Security of your CRA account
The Government of Canada, like other government and private sector organizations, faces ongoing and persistent cyber threats. Recent “credential stuffing” cyber incidents used passwords and usernames from previous hacks in other organizations to access CRA accounts. We’re here to help those who have been affected by the recent cyber incidents. We are working to protect taxpayer information and prevent future cyber incidents.
If your account is compromised
If you believe your account is compromised, or you don’t know if you’ve been affected by recent cyber incidents, here is some information that can help you.
How to know
If you receive a letter from us
We are sending letters by registered mail to everyone affected by the recent cyber incidents. If you receive a letter notifying that your account has been compromised, follow the instructions in the letter.
If your account is disabled
If access to your online account(s) is disabled, contact us as soon as possible, whether you have received a registered letter from us about your account or not.
If you notice suspicious activity
Be sure to regularly monitor your online accounts for suspicious activity. This can include unsolicited changes to your banking, address or personal information, or benefit applications made on your behalf. Sign up for email notifications to monitor changes in your CRA accounts.
What this means for you
If your account was compromised during the recent cyber incidents, your online CRA account may have been accessed by an unauthorized individual. As a result:
- The CRA will disable access to your account(s) and you will receive a letter by registered mail with instructions on how to validate your identity to regain access
- You will be offered credit protection services free of charge
- We will temporarily stop sending any benefit and credit payments to you until your identity has been validated and access to your account has been restored
- We will work with you to restore your personal information and ensure you are not held liable for fraudulent claims and payments made on your account (this includes ensuring fraudulent claims do not impact you next tax filing season)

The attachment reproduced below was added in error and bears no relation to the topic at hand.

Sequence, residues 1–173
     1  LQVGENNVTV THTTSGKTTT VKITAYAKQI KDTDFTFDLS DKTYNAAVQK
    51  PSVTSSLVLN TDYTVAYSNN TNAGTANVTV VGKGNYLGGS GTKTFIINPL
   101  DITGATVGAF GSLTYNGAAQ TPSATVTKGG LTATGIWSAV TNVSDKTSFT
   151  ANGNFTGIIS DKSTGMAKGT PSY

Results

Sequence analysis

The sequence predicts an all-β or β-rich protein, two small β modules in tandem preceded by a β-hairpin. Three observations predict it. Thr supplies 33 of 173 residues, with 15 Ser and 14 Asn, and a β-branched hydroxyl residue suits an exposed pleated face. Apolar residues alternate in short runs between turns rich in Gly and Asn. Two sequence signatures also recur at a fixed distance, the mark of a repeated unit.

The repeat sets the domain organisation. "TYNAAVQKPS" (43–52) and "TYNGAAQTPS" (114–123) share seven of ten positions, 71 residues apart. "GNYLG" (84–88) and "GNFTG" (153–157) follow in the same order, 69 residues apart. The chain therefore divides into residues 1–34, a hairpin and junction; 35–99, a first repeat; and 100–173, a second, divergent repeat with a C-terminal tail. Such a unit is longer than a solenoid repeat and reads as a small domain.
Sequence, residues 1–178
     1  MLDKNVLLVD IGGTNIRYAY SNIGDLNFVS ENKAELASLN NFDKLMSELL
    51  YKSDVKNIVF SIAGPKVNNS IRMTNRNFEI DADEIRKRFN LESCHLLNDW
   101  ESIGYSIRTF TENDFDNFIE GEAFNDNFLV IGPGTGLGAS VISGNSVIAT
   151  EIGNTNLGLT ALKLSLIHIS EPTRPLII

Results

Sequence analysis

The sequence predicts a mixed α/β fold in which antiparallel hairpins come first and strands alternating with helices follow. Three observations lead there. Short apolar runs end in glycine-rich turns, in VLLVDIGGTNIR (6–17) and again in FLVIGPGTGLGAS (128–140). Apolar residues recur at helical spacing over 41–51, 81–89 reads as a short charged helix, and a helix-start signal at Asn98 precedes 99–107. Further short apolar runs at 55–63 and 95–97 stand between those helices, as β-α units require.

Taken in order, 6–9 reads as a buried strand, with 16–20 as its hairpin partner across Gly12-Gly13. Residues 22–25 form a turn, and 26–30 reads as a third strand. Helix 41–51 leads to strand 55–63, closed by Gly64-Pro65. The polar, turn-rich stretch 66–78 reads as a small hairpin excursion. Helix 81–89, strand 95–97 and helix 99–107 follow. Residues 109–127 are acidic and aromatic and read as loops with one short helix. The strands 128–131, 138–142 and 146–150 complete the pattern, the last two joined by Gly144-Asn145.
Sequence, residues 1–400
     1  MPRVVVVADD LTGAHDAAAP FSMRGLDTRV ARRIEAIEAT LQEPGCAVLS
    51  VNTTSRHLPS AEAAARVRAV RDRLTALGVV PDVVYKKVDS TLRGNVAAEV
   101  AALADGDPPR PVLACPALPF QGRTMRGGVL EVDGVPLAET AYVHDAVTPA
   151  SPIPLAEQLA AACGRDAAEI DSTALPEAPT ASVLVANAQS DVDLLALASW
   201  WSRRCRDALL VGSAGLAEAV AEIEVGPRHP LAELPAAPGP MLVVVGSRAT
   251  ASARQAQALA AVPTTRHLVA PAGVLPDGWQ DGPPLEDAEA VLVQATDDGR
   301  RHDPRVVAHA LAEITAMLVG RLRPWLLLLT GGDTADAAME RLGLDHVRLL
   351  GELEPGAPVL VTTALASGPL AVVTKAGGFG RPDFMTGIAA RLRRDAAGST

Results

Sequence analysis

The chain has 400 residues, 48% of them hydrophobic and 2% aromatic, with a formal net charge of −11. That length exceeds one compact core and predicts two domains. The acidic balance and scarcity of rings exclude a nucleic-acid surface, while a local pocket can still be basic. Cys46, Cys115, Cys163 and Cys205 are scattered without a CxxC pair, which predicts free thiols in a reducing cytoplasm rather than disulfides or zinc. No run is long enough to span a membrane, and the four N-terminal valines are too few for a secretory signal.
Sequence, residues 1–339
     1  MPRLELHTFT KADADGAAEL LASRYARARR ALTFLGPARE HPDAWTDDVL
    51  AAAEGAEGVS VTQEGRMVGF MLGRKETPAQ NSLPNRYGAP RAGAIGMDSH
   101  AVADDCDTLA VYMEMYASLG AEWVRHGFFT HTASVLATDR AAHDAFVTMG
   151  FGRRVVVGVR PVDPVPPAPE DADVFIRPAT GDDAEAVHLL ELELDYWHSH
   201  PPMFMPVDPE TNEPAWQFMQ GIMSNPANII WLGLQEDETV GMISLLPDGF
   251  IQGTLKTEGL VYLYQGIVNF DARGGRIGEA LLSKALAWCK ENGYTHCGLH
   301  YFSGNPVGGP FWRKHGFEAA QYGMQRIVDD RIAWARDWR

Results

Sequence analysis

How the CRA will notify you
We are sending letters by registered mail to people who have been affected by the recent cyber incidents. If you suspect your account may have been compromised, and have not received a letter or have recently moved, contact us as soon as possible.
The letter provides information on how to validate your identity to restore access to your account, and how we are helping those affected by these incidents. This includes access to free credit protection services.
How you can contact the CRA
If you suspect that your CRA account was compromised during the recent cyber incidents:
Call the CRA at:
Select the option “report suspected fraud or identity theft” to prioritize your call to speak to a specialized agent as quickly as possible.
If you have concerns about a call or email you received about a payment:
Call the Canadian Anti-fraud Centre at: 1-888-495-8501
How to prevent future incidents
- Change your user IDs and passwords. We encourage you to change your user IDs and passwords, as well as your security questions and answers as soon as possible.
- Use unique and complex passwords. Always use unique passwords for your CRA and online banking accounts. Do not reuse the same password for different systems.
- Create a PIN. We suggest you set up a personal identification number (PIN) in CRA My Account or with the help of one of our call centre agents, to help confirm your identity for future calls with the CRA.
- Sign up for email notifications. We recommend you enable “Email notifications”. This service notifies taxpayers by email if their address or direct deposit information have been changed on CRA records. These notifications can act as an early warning for potential fraudulent activity.
- Monitor your account for suspicious activity. Check your online CRA accounts regularly for any suspicious activity. This includes unsolicited changes to your address and direct deposit information, or benefit applications made on your behalf.
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